January 15, 2010 11:05:00 AM
Adam Minichino - firstname.lastname@example.org
STARKVILLE -- The best.
The mere inclusion of definites in a statement about any player''s abilities speaks volumes.
In his fourth year at Mississippi State, Jarvis Varnado has impacted college basketball games like nearly no other.
On Thursday night, the senior center added a new weapon to his already impressive array of talents.
Varnado had 17 points, 12 rebounds, 10 blocked shots, and one key steal in the final minute to help MSU hold on to defeat Arkansas 82-80 before a crowd of 8,339 at Humphrey Coliseum.
"It''s just a tremendous blessing," Varnado said of the triple-double. "I thank God for allowing me my abilities."
Dee Bost added 20 points, seven rebounds, and six assists, and Barry Stewart and Ravern Johnson had 12 and 11 points, respectively, to help the Bulldogs (14-3, 2-0) win their Southeastern Conference home opener.
"He was tremendous tonight," Arkansas coach John Pelphrey said of Varnado. "The 10 blocks are the only ones that get recorded, but there are other shots that get challenged. That''s a lot of opportunities."
Pelphrey said Varnado was probably the difference in the game. He joked Varnado didn''t block any 3-pointers, but he had his hands on or near just about everything else that ventured into the lane.
Pelphrey, a former player for Rick Pitino at the University of Kentucky and an assistant coach for Billy Donovan at the University of Florida, has been around the SEC long enough to know Varnado ranks with the best in the country. His words of praise meant even more on a night in which MSU led by as many as 19 in the first half and then hung on as the Razorbacks (7-9, 0-1) nearly shot their way back into the lead.
"He''s a special player," Pelphrey said. "He also made some good plays on our pick-and-roll drives. He kind of got to a spot where he kind of leveled our guard off and his reach is also good that he was able to make some plays on some passes. That''s the reason he is arguably the best defensive player, maybe ever to play in this league."
Varnado''s performance was his second career triple-double, and the fourth in MSU history. His first triple-double (double figures in three categories) came against Kentucky in 2008.
Varnado''s 10 blocks shots moved him past former Wake Forest standout Tim Duncan into third place on the NCAA''s all-tim list. He leads the nation with 90 blocks this season, and now has 484 for his career. He is 52 shy of breaking the all-time mark of 535 held by former Louisiana-Monroe standout Wojciech Mydra (1998-02).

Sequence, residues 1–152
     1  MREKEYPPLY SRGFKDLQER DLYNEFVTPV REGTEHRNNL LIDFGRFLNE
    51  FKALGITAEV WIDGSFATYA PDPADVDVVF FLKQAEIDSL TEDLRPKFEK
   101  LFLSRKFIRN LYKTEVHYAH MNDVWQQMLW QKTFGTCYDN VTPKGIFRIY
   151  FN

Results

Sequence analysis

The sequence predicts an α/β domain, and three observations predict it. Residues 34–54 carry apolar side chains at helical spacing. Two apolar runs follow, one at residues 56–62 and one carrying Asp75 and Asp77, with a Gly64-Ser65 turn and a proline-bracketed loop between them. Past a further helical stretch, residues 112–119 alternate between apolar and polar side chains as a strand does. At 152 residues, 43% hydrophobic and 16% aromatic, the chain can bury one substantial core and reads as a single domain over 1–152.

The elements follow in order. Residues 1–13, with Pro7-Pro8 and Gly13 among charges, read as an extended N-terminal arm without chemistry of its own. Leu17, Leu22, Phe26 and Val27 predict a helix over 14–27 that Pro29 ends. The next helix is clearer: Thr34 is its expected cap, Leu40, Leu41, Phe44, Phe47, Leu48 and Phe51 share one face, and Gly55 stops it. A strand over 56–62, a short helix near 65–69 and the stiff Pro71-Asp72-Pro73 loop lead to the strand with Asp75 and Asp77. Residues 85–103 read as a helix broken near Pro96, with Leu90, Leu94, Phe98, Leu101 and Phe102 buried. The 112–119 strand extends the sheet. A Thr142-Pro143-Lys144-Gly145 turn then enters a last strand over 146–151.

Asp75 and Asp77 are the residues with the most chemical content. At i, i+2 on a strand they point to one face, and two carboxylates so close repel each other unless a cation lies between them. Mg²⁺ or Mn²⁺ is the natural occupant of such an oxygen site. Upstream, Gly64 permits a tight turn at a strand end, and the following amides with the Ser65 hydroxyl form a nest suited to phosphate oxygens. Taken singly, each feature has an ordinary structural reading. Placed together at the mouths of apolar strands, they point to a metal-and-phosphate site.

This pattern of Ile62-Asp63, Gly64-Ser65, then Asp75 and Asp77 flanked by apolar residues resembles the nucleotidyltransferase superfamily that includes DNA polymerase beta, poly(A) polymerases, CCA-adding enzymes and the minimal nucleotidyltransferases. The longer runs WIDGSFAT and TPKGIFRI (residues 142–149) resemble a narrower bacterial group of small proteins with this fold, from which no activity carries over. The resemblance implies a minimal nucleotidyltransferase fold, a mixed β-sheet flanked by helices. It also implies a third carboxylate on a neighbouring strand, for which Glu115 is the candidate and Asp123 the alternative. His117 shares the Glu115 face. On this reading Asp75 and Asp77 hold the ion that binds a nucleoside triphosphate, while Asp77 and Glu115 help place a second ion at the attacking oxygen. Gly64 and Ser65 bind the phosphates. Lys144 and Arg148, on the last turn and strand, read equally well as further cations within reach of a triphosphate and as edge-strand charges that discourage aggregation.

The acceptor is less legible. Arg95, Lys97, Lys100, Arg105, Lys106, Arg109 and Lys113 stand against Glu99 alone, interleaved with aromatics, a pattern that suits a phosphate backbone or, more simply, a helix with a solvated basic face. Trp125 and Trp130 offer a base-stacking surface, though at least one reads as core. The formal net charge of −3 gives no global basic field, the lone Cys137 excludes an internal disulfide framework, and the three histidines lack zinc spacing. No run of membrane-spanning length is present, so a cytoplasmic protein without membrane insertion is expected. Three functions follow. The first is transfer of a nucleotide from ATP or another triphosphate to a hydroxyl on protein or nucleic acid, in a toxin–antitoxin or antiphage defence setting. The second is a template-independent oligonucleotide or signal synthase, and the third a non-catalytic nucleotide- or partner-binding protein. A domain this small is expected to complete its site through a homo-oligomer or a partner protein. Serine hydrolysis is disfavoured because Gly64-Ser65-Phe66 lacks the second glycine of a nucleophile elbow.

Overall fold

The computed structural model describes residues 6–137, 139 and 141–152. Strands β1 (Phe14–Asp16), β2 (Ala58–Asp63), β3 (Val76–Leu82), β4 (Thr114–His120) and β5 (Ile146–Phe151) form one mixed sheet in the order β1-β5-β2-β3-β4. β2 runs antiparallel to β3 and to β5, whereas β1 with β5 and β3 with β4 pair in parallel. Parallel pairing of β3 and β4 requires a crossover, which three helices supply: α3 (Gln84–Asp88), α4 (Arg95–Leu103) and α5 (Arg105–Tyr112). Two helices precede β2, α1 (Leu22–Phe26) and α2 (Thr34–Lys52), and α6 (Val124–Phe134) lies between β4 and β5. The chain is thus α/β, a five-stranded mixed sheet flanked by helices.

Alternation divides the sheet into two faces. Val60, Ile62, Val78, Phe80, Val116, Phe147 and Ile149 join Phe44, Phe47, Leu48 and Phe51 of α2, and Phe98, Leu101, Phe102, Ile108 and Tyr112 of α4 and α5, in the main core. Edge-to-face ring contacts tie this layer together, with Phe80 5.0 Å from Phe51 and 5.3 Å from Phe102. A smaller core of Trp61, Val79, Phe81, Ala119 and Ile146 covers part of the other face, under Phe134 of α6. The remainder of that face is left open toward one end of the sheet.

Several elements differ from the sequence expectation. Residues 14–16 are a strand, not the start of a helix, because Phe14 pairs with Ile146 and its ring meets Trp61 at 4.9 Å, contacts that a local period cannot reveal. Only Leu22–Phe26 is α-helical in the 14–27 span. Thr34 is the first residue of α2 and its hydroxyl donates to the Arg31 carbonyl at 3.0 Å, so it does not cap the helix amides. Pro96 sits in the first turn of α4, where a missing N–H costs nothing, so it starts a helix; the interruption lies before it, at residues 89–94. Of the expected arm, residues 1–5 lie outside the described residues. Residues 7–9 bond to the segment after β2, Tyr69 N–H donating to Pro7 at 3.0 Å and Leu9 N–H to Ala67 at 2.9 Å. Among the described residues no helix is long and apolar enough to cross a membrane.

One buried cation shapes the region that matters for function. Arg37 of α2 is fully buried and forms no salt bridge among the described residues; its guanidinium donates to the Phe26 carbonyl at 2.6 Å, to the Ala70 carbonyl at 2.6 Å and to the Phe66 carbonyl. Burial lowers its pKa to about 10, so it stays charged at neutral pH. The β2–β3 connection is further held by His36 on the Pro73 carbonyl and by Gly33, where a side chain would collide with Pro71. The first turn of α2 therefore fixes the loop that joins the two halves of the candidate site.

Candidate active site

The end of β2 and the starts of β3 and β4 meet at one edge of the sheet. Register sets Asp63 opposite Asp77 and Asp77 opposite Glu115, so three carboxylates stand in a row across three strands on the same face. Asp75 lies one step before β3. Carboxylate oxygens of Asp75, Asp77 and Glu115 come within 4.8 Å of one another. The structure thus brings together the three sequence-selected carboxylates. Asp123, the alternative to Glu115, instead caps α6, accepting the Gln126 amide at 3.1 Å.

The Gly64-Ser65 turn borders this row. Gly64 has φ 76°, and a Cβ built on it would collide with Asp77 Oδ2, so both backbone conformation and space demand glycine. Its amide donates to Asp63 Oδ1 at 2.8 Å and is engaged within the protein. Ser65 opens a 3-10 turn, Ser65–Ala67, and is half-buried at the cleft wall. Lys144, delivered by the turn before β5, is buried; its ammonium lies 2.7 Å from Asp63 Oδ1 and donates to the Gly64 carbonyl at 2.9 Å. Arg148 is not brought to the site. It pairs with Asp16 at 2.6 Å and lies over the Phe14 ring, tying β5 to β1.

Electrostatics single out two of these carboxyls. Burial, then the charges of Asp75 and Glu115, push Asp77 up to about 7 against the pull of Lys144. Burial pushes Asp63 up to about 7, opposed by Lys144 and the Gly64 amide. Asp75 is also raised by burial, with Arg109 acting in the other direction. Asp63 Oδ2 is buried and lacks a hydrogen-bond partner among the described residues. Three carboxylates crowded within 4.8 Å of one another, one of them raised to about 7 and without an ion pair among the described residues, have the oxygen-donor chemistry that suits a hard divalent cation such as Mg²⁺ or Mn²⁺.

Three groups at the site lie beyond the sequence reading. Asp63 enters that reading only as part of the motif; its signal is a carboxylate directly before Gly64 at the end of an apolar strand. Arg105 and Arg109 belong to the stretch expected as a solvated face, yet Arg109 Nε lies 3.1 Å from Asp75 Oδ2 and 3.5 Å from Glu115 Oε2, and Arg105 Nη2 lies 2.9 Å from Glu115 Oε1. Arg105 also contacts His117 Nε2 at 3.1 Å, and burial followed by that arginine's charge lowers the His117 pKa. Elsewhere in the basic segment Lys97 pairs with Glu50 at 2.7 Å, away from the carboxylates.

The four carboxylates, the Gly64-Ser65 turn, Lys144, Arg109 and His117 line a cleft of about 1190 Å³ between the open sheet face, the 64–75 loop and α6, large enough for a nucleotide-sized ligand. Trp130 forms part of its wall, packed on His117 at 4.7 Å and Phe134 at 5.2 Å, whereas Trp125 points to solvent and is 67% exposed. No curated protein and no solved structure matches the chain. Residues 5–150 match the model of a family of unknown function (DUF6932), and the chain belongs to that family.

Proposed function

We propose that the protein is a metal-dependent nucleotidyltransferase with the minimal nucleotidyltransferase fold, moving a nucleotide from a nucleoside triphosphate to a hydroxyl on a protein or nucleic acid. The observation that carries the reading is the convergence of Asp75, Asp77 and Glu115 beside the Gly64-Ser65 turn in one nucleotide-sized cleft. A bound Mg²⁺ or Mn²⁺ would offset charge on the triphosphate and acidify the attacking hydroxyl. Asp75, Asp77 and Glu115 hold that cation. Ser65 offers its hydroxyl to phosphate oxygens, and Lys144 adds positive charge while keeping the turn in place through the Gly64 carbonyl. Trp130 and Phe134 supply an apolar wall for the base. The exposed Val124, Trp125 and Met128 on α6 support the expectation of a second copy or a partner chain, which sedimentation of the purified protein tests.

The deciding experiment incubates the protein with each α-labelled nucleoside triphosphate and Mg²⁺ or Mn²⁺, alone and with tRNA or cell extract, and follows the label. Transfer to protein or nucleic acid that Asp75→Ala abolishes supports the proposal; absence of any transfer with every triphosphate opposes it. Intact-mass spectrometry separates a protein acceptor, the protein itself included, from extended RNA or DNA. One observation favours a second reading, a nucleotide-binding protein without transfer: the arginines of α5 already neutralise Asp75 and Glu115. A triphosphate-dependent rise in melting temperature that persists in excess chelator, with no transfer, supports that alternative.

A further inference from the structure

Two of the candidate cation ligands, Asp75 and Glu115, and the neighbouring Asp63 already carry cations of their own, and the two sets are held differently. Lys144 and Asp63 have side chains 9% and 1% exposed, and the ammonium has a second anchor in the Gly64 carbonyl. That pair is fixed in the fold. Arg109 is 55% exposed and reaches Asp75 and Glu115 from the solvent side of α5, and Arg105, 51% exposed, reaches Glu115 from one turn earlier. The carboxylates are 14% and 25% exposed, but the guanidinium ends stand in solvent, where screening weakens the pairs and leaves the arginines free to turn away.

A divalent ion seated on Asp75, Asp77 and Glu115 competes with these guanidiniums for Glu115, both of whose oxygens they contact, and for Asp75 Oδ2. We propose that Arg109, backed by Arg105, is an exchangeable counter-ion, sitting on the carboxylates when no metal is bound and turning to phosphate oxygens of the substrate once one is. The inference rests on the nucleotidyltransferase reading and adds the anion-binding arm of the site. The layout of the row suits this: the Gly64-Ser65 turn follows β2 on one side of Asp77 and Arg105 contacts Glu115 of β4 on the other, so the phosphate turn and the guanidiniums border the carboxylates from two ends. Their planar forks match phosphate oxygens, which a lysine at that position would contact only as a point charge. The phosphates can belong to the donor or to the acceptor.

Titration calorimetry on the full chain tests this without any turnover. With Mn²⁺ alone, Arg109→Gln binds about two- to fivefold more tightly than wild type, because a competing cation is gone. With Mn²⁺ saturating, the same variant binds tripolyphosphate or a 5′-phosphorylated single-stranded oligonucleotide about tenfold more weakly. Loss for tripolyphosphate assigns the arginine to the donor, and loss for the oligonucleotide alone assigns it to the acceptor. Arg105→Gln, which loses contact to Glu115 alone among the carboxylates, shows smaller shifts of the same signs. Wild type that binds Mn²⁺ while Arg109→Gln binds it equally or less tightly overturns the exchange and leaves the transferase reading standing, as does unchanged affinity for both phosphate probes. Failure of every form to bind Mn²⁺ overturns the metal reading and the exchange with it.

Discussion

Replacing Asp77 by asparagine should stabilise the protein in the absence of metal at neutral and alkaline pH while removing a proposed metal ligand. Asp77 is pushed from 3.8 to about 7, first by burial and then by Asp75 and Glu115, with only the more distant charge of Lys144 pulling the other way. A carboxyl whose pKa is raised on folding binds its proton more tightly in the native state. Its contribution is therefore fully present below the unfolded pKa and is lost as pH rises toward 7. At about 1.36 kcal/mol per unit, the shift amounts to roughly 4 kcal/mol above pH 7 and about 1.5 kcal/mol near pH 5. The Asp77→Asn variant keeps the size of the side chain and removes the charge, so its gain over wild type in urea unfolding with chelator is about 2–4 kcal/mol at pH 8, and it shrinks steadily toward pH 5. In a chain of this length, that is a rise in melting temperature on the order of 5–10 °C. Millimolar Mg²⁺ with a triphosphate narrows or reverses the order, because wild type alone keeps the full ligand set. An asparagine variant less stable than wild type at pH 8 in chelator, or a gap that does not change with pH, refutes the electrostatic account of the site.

Varnado, who started his 100th game in his 122nd game at MSU, is eight blocked shots from tying former Colgate standout Adonal Foyle (492) for second place on the all-time list.
Arkansas forward Marshawn Powell (game-high 25 points) said Varnado''s ability to affect a game didn''t surprise him. The freshman had 21 of his points in the second half to help the Razorbacks rally, but he said it was difficult to negate Varnado''s shot-blocking tendencies. Still, Arkansas had a 42-30 edge in points in the paint.
"The guy is super long," Powell said. "When you think you have a shot, he comes out of nowhere and just catches it. We were just putting the ball right there where he could get it easily. He wasn''t even jumping for half of the blocks. We weren''t giving him any head fakes or nothing like that, so we were playing right into his hands."
Arkansas cut the deficit to 79-74 on a hook shot by Mike Washington with 3 minutes, 4 seconds to play. From there, Varnado took center stage. He contested and forced a missed 3-pointer by Rotnei Clarke and he defended Washington and forced another miss in the lane.
Still trailing by five points with 1:29 remaining, Arkansas came out of a timeout and tried to get the ball inside, but Varnado used his reach to steal a pass from Courtney Fortson (20 points, six assists) intended for Washington.
"He was huge for us," MSU coach Rick Stansbury said. "He scored the basketball and rebounded it and blocked shots."
Bost and Phil Turner combined to hit 3 of 6 free throws in the final 25.6 seconds, and Turner made a steal off an inbounds pass after Bost''s first make to help preserve the victory.
"We put Phil in in the last minute to go make a play and he made a huge play," Stansbury said.
Bost used an aggressive mind-set to take the basketball to the goal. Coming off a career-high tying 25 points Saturday in a victory against then-No. 14 Mississippi, he finished 6 of 15 from the field (6 of 11 from the free-throw line).
Bost said he isn''t surprised that teams continue to take the ball at Varnado.
"What are they going to do, shoot jump shots all night?" Bost said.
That strategy might work better, especially against one of the best at blocking shots in NCAA history.
n NOTES: MSU shot 61.3 percent (19 of 31) in the first half and led 51-39 at halftime. The Bulldogs had only four assists and nine turnovers (14 overall in both areas) in the second half. ... Stansbury credited the defense of Stewart, who spent much of the evening guarding Clarke, Arkansas'' leading scorer at 19.4 points per game. Clarke, a 3-point specialist, had only six points on 2-of-9 shooting. "Barry Stewart did one unbelievable job on Clarke," Stansbury said. "It probably was the best job he has done on him." ... Romero Osby had nine points, two rebounds, and two assists in 17 minutes. ... MSU improved to 9-0 when it shoots 45 percent or better from the field. It shot 47.4 percent (27 of 57), while Arkansas shot 40.8 percent (31 of 76).
Adam Minichino is the Sports Editor for The Commercial Dispatch.